The Linguistics of Data Visualization

By: Bridget Cogley

Is data visualization a language? I think so.

When asked about language, we often point to spoken language examples, such as English, Spanish, Hindi or Mixteco. These ideas often omit languages like American Sign Language, French Sign Language and Auslan (Australian Sign Language). Yet, sign languages share all the features of English or Spanish. The only exception is modality – that is, signed languages use the hands, face and body for expression, while spoken languages use sounds.

One definition of language – the one I display in this accompanying presentation – is from linguists who have taken in account all modes of language. Charlotte Baker-Shenk and Dennis Cokely, pioneers in the field of linguistics, define language this way:

“A language is a system of relatively arbitrary symbols and grammatical signals that changes across time and that members of a community share and use for several purposes: to interact with each other, to communicate their ideas, emotions, and intentions, and to transmit their culture from generation to generation.”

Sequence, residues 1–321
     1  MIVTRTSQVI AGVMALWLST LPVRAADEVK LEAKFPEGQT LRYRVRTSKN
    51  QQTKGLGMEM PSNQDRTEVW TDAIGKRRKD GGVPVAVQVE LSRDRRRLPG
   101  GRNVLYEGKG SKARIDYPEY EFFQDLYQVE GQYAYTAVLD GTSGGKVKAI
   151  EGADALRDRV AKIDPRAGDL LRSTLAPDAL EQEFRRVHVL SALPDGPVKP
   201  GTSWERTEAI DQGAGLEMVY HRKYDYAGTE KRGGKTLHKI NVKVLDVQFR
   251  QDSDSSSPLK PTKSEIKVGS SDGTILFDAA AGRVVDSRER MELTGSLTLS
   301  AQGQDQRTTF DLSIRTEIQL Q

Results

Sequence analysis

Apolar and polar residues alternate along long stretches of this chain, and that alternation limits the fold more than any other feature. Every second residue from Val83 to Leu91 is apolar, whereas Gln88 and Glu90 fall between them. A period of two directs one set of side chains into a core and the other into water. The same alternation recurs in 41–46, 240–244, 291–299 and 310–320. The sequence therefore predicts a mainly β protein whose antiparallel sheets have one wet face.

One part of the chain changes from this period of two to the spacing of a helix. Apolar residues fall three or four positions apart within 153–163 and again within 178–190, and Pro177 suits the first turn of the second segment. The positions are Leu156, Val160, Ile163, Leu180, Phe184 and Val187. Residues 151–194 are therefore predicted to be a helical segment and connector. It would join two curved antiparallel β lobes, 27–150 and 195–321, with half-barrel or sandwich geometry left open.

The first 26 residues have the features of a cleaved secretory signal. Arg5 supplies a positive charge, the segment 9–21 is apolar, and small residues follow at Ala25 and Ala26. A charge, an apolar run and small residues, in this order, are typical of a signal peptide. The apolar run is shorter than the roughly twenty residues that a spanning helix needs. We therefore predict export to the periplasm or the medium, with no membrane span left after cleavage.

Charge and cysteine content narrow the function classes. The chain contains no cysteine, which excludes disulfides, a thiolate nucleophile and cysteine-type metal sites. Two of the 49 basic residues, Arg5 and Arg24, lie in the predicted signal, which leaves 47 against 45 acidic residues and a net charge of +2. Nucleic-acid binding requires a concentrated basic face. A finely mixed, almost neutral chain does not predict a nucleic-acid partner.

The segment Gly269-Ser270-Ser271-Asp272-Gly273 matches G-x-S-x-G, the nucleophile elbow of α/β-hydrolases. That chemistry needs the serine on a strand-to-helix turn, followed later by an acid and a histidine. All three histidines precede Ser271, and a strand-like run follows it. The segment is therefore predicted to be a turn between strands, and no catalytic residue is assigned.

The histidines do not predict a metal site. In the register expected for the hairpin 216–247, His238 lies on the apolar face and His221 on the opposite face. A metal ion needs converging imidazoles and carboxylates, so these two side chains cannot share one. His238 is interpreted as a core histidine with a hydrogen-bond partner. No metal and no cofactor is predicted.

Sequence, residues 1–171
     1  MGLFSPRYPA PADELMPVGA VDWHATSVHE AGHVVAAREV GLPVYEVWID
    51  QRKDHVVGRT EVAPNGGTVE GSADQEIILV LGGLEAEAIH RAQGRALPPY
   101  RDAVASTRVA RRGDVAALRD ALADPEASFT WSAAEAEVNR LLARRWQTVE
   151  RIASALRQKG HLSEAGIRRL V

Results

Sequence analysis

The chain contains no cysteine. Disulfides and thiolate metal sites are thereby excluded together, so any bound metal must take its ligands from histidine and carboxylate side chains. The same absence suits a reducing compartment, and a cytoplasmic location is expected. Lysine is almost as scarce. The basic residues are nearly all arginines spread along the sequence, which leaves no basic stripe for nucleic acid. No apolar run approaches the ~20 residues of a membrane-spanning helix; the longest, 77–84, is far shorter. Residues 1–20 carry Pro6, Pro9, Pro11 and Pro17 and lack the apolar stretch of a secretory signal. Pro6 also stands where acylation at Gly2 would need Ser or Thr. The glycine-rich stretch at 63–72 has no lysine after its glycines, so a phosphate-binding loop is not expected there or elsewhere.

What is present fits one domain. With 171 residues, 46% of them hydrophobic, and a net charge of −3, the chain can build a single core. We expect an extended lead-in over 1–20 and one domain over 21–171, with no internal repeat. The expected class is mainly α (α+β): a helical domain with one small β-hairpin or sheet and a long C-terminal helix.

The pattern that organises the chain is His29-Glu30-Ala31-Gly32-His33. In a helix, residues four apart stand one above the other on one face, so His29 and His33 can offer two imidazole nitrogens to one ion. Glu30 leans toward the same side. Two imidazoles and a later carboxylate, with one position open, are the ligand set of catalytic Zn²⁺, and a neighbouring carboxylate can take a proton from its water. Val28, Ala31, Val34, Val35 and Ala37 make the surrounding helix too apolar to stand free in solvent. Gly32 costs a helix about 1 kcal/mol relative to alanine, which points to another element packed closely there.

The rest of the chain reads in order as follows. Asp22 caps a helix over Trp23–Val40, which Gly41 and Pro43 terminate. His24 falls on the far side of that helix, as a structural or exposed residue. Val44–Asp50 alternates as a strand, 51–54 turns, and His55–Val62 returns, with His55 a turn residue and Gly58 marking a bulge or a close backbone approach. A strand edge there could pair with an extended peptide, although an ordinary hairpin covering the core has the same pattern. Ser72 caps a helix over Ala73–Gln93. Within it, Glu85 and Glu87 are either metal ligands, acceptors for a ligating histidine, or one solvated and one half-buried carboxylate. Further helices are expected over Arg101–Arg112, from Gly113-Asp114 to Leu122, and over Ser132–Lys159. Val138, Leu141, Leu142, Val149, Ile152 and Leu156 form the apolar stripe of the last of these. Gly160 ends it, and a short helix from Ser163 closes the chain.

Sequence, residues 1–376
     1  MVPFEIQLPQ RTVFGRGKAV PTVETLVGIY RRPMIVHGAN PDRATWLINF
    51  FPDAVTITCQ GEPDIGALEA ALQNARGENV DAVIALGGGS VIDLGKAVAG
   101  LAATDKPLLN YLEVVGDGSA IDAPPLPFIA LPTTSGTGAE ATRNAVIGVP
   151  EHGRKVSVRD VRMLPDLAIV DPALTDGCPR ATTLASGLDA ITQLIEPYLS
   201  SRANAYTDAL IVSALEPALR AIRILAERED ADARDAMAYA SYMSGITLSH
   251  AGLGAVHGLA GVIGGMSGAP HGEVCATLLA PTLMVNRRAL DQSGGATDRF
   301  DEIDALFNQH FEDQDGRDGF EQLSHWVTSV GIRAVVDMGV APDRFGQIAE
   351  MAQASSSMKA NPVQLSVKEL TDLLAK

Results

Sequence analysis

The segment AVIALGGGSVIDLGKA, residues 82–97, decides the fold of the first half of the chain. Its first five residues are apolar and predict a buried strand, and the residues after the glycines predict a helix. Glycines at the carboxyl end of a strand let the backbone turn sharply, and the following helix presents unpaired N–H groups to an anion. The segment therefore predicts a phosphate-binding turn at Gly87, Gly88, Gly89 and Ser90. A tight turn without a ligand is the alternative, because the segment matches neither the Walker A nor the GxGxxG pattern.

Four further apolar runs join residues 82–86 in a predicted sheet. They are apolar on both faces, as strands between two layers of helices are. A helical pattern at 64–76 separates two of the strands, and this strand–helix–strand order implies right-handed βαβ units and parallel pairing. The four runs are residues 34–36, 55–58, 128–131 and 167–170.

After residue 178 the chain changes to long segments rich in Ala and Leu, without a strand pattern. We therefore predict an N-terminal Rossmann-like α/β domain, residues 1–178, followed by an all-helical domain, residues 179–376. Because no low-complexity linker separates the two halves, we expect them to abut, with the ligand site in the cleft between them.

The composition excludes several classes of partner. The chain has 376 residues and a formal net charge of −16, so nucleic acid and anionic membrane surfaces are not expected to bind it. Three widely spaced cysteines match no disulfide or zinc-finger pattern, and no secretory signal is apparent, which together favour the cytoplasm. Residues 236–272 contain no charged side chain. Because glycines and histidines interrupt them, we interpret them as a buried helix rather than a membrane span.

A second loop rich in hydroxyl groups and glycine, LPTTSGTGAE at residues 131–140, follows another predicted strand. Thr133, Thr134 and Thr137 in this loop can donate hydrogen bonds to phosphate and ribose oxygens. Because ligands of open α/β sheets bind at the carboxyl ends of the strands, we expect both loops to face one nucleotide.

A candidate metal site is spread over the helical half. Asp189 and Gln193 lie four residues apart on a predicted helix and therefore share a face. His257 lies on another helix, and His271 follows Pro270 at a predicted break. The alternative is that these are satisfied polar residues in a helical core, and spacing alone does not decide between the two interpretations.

In my presentation, I break down this definition some more and also go through different experiments. These Andy Warhol-type iterations illustrate that choice around color, placement and the like matters.  

So, the real question is, how can you use this for your dashboards? Here are three ways:

  1. Focus on relationships between charts and how they’re made. You’ll see in the presentation how a number of factors influence this.
  2. Know that while color can disrupt a good dashboard, it’s not the “end-all, be-all” we make it out to be.
  3. Feel free to be creative! Often times, the crunch of time gets to us. Creating the space makes a better dashboard.

Yes, data visualization is a language. When spoken properly, it can provide tremendous value to your company.

5 Steps to Sell a BI Strategy Upstream